Promising movie takes inferior turn

Despite his age, Liam Neeson has recently been cast as many badass action heroes where he beats up villains and delivers justice himself.

He’s been in action movies before, but none like his recent crop. He is slowly evolving into a modern-day Sylvester Stallone.

Three years after his last great performance in the thriller “Taken,” Neeson stars yet again as an action hero in “Unknown.”

Neeson plays protagonist Dr. Martin Harris. In the beginning of the film, Harris and his wife, played by January Jones, arrive in Berlin for a biotechnology summit. When they check into the hotel, however, Harris realizes he forgot some of his luggage at the airport and quickly hails a taxi to retrieve it, without his wife’s knowledge.

Harris’ taxi, driven by Gina, played by Diane Kruger, goes into a river after swerving off of a bridge. Gina breaks free from the car, but Harris is not so lucky, as he falls unconscious after hitting his head on the window. Gina saves Harris as ambulances rush toward the scene of the accident, and flees the scene as paramedics help Harris.

Harris wakes up from the coma a few days later at a local hospital. Wondering where his wife is, he panics, scurries out of the hospital and returns to the hotel, even though he is suffering from memory problems.

When he finds his wife at a reception, he discovers an imposter claiming to be Dr. Martin Harris. When the real Harris asks why she didn’t look for him while he was in the coma, she responds by saying that she has never seen him before.

Harris is outraged and confused as he gets escorted out by authorities. He is left out on the streets and struggles to remember what happened before the accident.

Harris finds Gina again and implores her to help him investigate the mystery of why two Dr. Martin Harrises exist.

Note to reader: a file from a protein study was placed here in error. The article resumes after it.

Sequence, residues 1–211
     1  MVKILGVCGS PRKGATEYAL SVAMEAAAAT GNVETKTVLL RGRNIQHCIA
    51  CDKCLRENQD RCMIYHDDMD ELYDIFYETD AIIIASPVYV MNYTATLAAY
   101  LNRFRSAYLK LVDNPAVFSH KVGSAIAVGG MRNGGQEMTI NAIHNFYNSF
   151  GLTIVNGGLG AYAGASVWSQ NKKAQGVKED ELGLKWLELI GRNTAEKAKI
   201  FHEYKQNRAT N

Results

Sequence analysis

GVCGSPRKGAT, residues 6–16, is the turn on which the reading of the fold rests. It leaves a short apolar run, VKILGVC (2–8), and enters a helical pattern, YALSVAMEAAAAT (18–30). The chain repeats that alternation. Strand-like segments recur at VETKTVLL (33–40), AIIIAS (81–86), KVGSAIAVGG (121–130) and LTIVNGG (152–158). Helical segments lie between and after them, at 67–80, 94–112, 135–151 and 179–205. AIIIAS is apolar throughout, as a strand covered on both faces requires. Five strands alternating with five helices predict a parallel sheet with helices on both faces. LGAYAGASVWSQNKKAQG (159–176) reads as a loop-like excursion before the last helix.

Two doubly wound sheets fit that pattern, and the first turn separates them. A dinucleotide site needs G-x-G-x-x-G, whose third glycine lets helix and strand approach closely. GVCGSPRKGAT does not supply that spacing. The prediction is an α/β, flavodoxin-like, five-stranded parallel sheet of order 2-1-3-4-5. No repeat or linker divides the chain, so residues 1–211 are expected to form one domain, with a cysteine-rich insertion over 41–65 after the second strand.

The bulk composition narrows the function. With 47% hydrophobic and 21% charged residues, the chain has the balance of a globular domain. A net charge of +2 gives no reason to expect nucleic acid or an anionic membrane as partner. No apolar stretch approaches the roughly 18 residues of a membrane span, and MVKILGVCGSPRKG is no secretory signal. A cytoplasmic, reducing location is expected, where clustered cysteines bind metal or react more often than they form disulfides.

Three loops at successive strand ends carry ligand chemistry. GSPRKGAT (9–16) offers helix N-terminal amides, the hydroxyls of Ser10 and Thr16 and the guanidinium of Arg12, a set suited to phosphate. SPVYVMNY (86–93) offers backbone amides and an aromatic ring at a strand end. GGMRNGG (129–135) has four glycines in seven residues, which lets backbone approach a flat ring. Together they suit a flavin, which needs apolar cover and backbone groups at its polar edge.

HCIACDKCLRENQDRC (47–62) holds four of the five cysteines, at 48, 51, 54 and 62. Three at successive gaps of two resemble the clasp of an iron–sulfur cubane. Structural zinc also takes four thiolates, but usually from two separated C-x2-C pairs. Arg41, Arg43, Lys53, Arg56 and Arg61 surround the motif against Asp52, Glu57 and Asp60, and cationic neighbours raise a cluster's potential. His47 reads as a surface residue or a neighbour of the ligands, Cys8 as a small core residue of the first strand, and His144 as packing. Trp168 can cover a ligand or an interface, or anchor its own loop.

He also hires an ex-German spy named Jurgen, played by Bruno Ganz, to get to the bottom of his predicament.

Neeson’s last strong performance came in 2008’s “Taken,” which was received well by critics and viewers.

The same can’t be said for “Unknown.”

Although it was an enjoyable film with some exciting, action-packed scenes, the plot was unclear.

The concept was creative, but it took viewers through a roller coaster of twists that didn’t make sense for story progression.

It was hard to figure out what kind of story director Jaume Collet-Serra was trying to create because the more the plot progressed, the less realistic it became.

Plot twists work in some movies, but not in this one.

After Harris realizes what is going on, the movie transforms completely. Ultimately, the messy plot falls on the shoulders of Collet-Serra and his inexperience.

If it wasn’t for Neeson’s performance, and the performances of some of his fellow cast members, “Unknown” would have flopped.

Luckily for Collet-Serra’s sake, it didn’t, but it could have been so much better.

Viewers with a taste for redundant car chases and violence with a side of great acting may enjoy “Unknown.”

Those who want anything deeper should save their money.

Already, 2011 has seen many bad films released, and “Unknown” is not in that category.

In fact, it might be the best movie of the year so far.

Luckily – for moviegoers’ sakes – there are 12 months in a year.

JACOB TARR

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